Recurrent miscarriage, or habitual pregnancy loss, is defined as three or more pregnancy losses and can be due to one or more of the following:
Genetic Problems: Problems with the genes or chromosomes of the baby are the most common reason for a first pregnancy loss. This often happens all of a sudden, by chance, in the embryo. This is usually less often the cause for women with repeated pregnancy loss.
Problems with the Uterus: Problems with the uterus make up for both first and second trimester pregnancy losses. Problems you are born with (congenital) include double uterus or uterine septum. Other problems are uterine polyps, fibroids and scar tissue inside the uterine cavity.
Incompetent Cervix: If you have an incompetent cervix, you will lose the pregnancy around 20 weeks. This problem can be treated with a stitch to help hold the cervix closed.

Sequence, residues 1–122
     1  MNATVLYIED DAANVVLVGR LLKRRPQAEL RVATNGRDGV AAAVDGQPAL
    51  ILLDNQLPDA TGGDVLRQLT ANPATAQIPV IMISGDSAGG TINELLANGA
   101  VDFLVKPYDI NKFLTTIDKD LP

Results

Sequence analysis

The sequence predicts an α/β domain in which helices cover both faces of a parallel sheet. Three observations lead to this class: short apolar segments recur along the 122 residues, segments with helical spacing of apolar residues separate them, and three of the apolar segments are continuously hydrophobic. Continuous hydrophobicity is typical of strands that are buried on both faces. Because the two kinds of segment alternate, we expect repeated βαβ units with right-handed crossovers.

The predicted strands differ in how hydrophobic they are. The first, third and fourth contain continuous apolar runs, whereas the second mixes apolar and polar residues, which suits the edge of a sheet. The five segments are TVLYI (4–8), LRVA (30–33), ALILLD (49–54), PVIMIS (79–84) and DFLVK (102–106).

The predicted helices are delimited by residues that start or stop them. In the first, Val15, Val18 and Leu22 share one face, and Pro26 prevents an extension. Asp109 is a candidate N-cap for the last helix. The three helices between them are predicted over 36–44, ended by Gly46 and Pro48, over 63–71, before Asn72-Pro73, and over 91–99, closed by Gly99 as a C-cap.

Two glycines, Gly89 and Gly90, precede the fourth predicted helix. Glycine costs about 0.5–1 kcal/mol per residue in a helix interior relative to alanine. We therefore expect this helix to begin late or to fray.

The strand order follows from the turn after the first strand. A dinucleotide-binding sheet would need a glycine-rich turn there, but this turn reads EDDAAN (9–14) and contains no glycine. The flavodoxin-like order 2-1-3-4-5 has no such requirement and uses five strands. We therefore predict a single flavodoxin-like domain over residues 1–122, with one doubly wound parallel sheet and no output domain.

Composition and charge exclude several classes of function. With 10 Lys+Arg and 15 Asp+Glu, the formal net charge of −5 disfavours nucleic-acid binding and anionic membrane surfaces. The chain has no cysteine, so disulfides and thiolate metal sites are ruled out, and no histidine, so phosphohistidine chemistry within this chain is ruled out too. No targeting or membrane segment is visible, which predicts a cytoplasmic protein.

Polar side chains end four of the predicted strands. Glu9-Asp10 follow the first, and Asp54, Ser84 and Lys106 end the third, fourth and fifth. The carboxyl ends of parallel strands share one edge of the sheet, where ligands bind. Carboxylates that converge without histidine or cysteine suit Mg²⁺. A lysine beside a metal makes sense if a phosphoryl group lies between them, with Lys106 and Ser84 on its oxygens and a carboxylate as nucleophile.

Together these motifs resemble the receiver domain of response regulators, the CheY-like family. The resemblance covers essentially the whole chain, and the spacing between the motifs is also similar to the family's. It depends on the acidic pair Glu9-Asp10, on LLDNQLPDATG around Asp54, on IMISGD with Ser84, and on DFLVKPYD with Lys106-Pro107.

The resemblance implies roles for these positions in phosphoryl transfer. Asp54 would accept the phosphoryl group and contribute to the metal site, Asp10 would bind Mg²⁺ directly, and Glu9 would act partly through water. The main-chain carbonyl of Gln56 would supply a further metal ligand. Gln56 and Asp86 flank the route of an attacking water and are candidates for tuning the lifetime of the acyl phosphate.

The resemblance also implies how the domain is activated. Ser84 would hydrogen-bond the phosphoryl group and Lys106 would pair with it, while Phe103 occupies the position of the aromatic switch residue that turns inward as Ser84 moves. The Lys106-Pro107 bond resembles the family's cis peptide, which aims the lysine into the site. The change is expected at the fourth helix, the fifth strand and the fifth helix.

Exposure to Certain Chemicals: If you or your partner is exposed to certain chemicals, it could cause pregnancy loss. Some chemicals that may be linked to it include anesthetic gases (nitrous oxide), pesticides, formaldehyde, benzene, ethylene oxide, arsenic, lead, mercury and cadmium. You and your partner should talk with your health care provider about any chemicals in the workplace.
Endocrine Problems: Some endocrine problems have been linked to pregnancy loss. These include diabetes (that is not controlled), severe thyroid problems or luteal phase defect.
Smoking, Drinking and Drug Use: Smoking, drinking and illegal drug use can cause repeated pregnancy loss. You should not smoke. You should also avoid alcohol and drugs during pregnancy.
Immune Problem: An immune problem called antiphospholipid syndrome causes repeated pregnancy loss in some women. This problem can be treated with low-dose aspirin and heparin.
To schedule a consultation to discuss the work-up, diagnosis and treatment of recurrent miscarriage please call the office at 610-619-8300.